Any time an all-new model hits the market, it gets the lion’s share of the press. The 2022 Hyundai Santa Cruz has been voted as the Best Compact/Midsize Truck in the 2022 AutoTrader Awards, and it’s getting a lot of attention as the automaker’s first pickup truck sold here, but it takes more than just a high profile to win votes from our jury of more than 20 automotive experts from all across the country. The Santa Cruz impressed our judges over a wide range of attributes, including its performance, practicality, safety, quality, and value.
The Santa Cruz defeated every single small truck available on the market, including the Ford Maverick, Honda Ridgeline, Jeep Gladiator, and Toyota Tacoma, which were all finalists. That’s a very diverse lineup, which made this an extremely tough category to judge. The Santa Cruz, Maverick, and Ridgeline are unibody vehicles, and their all-wheel drive systems – optional on Maverick – primarily powers the front wheels. The Tacoma and Gladiator are more traditional body-on-frame trucks with four-wheel drive.
Pretty much their only commonality is that they all have seats and a bed. That meant we had to look through the eyes of each truck’s audience, rather than across-the-board as buyers might in the full-size segment, where features and capability are more evenly matched. For example, the Santa Cruz can’t rock-crawl up the side of a mountain as the Gladiator and Tacoma potentially can. Our question then becomes: How well does the Santa Cruz satisfy drivers who want its level of ability, versus how the Gladiator suits its more hard-core adventure-seekers? That’s the type of criteria we used to determine our champion.
The five-passenger Santa Cruz is based on the all-new Tucson SUV. Basically, it’s a Tucson with a bed in the back, made of composite material so you don’t need a bed liner. It includes a standard sliding hard tonneau cover that lets you lock items in the bed, and as with the Ridgeline, there’s a hidden trunk under the bed floor, with a drain plug for washing it out or using it as a cooler.
None of the competitors have both a standard trunk and tonneau, and we feel it’s a combination Santa Cruz shoppers will be glad to see on their trucks. The Maverick has a “Flex Bed” and Ford encourages owners to make do-it-yourself carriers and dividers with lumber and power tools, along with buying dealer accessories. We think this tiny-truck segment is more about ready-to-go right out of the box.
In Canada, the Santa Cruz gets a turbocharged 2.5L four-cylinder making 281 horsepower and 311 lb-ft of torque, with an eight-speed automatic dual-clutch transmission and all-wheel drive. It comes in Preferred trim at $38,499, Preferred Trend at $41,399, and Ultimate at $44,799, all before a non-negotiable delivery fee of $1,825.
When our editor-in-chief Jodi Lai reviewed the Santa Cruz, she said it had “more than enough power,” and gets to highway speed and passes “with no drama at all.” It’s rated by Natural Resources Canada (NRCan) at 10.6 L/100 km in combined driving. Unsurprisingly, that’s better than its larger and heavier competitors here; the Ridgeline’s rated at 11.5, the gasoline (non-diesel) Gladiator as much as 12.6, and the Tacoma as high as 12.9. That said, none can touch the Maverick’s standard powertrain, a gas-electric hybrid system that’s rated at 5.9 L/100 km, which is very impressive.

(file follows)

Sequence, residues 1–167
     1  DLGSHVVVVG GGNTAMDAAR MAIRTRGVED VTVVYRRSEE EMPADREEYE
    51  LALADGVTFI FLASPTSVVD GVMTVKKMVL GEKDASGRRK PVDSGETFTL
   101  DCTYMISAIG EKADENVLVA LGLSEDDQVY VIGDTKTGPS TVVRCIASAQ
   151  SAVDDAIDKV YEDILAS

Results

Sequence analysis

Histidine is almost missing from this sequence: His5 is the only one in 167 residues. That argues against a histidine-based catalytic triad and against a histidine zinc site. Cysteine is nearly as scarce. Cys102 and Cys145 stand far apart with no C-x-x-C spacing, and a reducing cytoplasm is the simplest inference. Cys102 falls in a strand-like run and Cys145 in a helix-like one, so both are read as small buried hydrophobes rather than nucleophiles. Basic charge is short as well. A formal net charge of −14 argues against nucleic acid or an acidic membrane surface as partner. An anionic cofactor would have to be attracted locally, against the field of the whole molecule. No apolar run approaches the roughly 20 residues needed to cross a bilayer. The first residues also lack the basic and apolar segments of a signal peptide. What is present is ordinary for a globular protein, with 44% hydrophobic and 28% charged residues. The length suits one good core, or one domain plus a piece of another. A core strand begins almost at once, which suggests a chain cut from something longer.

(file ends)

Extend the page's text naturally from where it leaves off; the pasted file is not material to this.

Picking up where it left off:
The Santa Cruz is also a great vehicle to pilot. Lai says it “drives and handles better than most typical crossovers,” that it’s “nimble and responsive,” and “it’s amazingly easy to manoeuvre around the city.” It also tackles medium-tough off-road better than expected. It feels like a smooth-driving compact SUV because it’s based on one, but as mentioned above, we took that into consideration. Tacoma drivers expect a firmer suspension; Gladiator owners know extreme off-road capability comes with an on-road-ride price. But we felt the Santa Cruz’s audience will lean heavily toward city dwellers who visit the great outdoors for the weekend, and it works very well at both ends of that scale.
The 2022 Hyundai Santa Cruz comes well-equipped with a decent number of features for the price. All trims include heated seats and steering wheel, blind-spot monitoring, and emergency front braking; upper trims add a 10.25-inch touchscreen, ventilated seats, sunroof, and navigation. Once again, we realize that some truck owners want bare-bones vehicles, especially if they plan for rugged adventures. But we felt the Santa Cruz once again hits the sweet spot for the audience it seeks.
We know this segment is controversial because many people don’t consider the Santa Cruz – or the Maverick, or even the Ridgeline – a “real truck,” because of its size and SUV underpinnings. Our take is that whether a compact to a one-ton dually, a real truck is the one that fits its buyer’s needs. We feel the Hyundai Santa Cruz will do that very well, and that’s why it’s AutoTrader’s Best Compact/Midsize Truck for 2022.